Photographer Angela Strassheim illustrates transitional points in our lives-particularly the precious, fleeting nature of childhood and reflections on becoming a mother. Many photographs feature her nieces and nephews at several phases of their lives, and half have never been exhibited before. For instance, in Untitled (Moving In), a preteen boy peers into a window, surveying a kitchen counter cluttered with cleaning products, a potted plant, a can of Mandarin oranges, candy canes, giant lollipops, and other random items only found tossed together during a move. His face barely masks his feelings of upheaval. Untitled (Girl in Blue Dress) depicts a pixie princess frozen in a childhood phase that evaporates too quickly. Untitled (Headlights), featuring a half-clothed teenage girl and boy running with abandon in dimly lit woods, portrays the freedom of young adulthood.
The large-format prints, some as big as seventy-five inches wide, can be viewed from all three floors of the gallery where they are hung salon-style. Their placement is based on how viewers will engage with the works. For example, Untitled (Moving In) is hung just above eye level, making the boy appear to gaze at onlookers below. The layout also allows images to speak to one another through their proximity and positioning.
Strassheim shoots with a 4 x 5 view camera, using Polaroid film to preview instant versions of her final exposures. Much of her work has required elaborate strobe lighting to capture exacting details in images with expansive depth of field focus. She honed that practice during training at the Forensic Imaging Bureau in Miami where she learned how to shoot everything related to photography and law enforcement-every element could be crucial evidence.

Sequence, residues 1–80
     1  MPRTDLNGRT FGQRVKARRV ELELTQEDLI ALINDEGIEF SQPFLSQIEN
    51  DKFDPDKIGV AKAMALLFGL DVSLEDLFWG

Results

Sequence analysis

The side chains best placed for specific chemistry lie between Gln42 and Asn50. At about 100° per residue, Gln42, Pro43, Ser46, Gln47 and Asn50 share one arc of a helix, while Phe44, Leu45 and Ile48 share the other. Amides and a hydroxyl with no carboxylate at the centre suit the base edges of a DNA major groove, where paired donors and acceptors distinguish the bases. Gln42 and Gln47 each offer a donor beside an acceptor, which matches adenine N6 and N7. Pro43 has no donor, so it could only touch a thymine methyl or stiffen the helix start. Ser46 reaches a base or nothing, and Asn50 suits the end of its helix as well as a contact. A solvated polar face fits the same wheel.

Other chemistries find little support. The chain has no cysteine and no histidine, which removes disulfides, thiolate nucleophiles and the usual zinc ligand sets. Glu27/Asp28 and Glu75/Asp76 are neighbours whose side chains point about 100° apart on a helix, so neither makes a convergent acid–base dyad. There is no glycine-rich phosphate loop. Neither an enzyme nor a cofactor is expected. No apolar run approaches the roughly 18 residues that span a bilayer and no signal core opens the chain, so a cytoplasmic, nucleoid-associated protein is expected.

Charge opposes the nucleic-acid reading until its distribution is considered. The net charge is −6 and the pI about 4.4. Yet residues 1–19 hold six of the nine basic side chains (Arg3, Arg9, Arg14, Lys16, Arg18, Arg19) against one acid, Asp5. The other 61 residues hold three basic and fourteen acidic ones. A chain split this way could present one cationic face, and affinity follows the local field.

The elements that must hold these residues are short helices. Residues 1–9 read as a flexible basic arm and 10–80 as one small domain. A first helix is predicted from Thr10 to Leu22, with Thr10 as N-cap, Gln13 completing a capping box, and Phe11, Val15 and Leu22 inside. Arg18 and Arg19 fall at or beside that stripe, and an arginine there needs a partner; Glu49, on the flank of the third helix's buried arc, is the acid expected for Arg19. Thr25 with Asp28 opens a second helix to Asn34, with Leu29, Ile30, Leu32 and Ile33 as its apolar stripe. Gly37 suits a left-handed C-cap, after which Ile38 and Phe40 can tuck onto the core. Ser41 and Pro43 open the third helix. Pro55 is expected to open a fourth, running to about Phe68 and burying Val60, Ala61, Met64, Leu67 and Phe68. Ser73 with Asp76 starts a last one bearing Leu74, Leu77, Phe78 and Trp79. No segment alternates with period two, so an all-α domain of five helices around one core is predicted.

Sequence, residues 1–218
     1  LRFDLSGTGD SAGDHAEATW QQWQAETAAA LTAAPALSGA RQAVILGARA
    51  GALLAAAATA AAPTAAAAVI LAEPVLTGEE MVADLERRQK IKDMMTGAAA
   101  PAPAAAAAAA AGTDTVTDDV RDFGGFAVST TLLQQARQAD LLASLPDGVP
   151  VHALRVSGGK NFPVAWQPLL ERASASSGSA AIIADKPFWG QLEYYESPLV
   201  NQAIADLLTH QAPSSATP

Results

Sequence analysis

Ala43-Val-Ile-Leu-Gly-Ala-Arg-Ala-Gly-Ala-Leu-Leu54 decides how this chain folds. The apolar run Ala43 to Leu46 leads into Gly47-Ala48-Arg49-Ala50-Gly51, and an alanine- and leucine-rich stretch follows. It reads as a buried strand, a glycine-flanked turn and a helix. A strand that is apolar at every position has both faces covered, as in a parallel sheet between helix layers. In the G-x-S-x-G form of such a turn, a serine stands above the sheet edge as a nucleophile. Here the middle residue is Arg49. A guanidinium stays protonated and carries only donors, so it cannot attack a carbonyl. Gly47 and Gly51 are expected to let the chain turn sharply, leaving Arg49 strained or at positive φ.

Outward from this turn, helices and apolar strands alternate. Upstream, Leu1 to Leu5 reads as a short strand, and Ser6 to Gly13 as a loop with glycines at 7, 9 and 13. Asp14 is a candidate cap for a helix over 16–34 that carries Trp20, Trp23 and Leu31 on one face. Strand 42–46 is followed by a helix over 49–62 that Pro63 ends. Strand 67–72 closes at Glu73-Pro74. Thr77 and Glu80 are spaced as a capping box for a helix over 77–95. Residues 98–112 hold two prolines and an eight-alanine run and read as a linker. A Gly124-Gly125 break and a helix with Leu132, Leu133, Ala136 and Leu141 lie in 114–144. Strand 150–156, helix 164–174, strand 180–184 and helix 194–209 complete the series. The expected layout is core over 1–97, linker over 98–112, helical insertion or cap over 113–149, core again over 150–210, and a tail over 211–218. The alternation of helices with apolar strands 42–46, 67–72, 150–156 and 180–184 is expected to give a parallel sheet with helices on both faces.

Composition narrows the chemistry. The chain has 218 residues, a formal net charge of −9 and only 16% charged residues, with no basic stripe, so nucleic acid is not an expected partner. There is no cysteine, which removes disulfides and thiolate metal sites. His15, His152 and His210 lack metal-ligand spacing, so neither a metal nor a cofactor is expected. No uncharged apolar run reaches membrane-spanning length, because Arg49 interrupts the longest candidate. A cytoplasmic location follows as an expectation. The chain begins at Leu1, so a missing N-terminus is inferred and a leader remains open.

“I don't take pictures. I make photographs,” she said. Much like a painter constructs a painting, “everything in a photograph is there because I decided it would be there.” In Untitled (Isabel at the Window), light shines from windows of a two-story house shrouded in twilight, but the details are so clear that viewers can detect a home security sticker on the door.
Her work style has been evolving, though. Newer pictures often use less lighting and less depth of field, sometimes out of necessity. She now has a rambunctious two-year-old, who sometimes makes it difficult to work in her usual methodical style, but he has provided new perspective.
Project Atrium features site-specific and site-sensitive installations by emerging and mid-career artists. The unique placement, dimensions, and scale of the Haskell Atrium Gallery provide a compelling challenge to the chosen artist - a call to reinvention and active collaboration with the architecture of the Museum on a monumental scale.